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The “core” can therefore be understood as a complex, three-dimensional system.

Thanks to the local and immigrated soft tissues (including ligaments, muscles, fascia ) it extends from the head, through the neck, the chest including the shoulder girdle, over the stomach, and then back to the pelvis.

In very simplified terms, the “core” describes the middle of the body or the trunk of the body.

What Is Core Stability Important For?

Thanks to its central location, the “core” is one of the most important support and movement elements in the human body.

In particular, the deep-lying autochthonous back muscles and the lateral and deep abdominal muscles with their various muscle groups contribute significantly to the functional stabilization and straightening of the spine body.

They not only take on a significant protective function for the spine during static and dynamic movements but also reduce the risk of injury during training.

Some muscles of the upper and lower extremities are directly connected to the trunk and thus have a direct influence on core stability.

In general, the movements of the extremities also result in increased tension in the core muscles.

If this is too weak and the trunk is therefore unstable, movement execution, control, and power transmission through the trunk can be impeded.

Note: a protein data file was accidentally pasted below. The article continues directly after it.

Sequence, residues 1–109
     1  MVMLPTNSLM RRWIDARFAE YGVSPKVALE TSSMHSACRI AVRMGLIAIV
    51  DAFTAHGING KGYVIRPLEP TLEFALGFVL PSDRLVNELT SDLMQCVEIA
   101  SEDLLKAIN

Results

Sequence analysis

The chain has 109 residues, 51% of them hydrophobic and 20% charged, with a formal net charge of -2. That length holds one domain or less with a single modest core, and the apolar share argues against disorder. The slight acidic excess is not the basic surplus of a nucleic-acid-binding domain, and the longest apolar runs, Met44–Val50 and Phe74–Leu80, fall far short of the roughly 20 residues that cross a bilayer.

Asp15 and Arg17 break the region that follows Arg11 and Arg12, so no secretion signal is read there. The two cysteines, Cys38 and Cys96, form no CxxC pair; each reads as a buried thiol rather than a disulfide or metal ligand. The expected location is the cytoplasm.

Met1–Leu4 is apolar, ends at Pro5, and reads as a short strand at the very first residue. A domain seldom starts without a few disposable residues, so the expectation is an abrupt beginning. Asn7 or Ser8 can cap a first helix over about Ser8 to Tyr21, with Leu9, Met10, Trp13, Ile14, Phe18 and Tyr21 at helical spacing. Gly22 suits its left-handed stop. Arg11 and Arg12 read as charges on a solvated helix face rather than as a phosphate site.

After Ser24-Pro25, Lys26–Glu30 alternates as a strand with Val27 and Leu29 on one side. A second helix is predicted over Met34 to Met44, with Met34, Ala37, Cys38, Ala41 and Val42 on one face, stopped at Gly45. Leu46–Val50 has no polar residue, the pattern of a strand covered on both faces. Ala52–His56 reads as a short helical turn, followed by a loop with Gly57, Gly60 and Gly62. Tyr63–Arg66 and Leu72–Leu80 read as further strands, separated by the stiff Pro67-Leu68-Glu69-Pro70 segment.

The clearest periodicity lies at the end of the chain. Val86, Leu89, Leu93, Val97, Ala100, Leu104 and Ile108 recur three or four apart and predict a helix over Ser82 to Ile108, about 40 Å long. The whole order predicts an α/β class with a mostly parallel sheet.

Basically, a lack of trunk stability is a performance-limiting factor, for example in weightlifting techniques.

How Do You Train Your "Core Stability" Most Effectively?

As previously described, the “core” is a three-dimensional and complex system that benefits from the interaction of different muscle groups.

In theory, isolated strength training of individual muscles will probably not help you to be successful in the long term.

With “core stability training” or “core training” for short, it is particularly important to address entire muscle chains through complex exercises.

The training is primarily characterized by exercises with your own bodyweight (including squats, push-ups, lunges, or planks) or on unstable surfaces (including soft mats, wobbly boards, or trampolines).

While you can fall back on movements guided by equipment in classic strength training, “core stability training” is designed for the use of free weights (including kettlebells, barbells, or dumbbells).

Exercises For Your Core Stability Training

  • Functional training
  • Free weight exercises
  • Kettlebell training
  • Circuit training
  • Bodyweight training (e.g. squats, push-ups, lunges, planks)
  • Exercises on unstable surfaces

Start Your Core Training With A Partner

Since you cannot rely on passively guided axes during core training, you need a high level of body awareness in order to be able to carry out the exercises correctly and cleanly.

It is therefore advisable to start with a partner at the beginning so that you can always keep an eye on your posture.

What is your favorite way to train your core stability?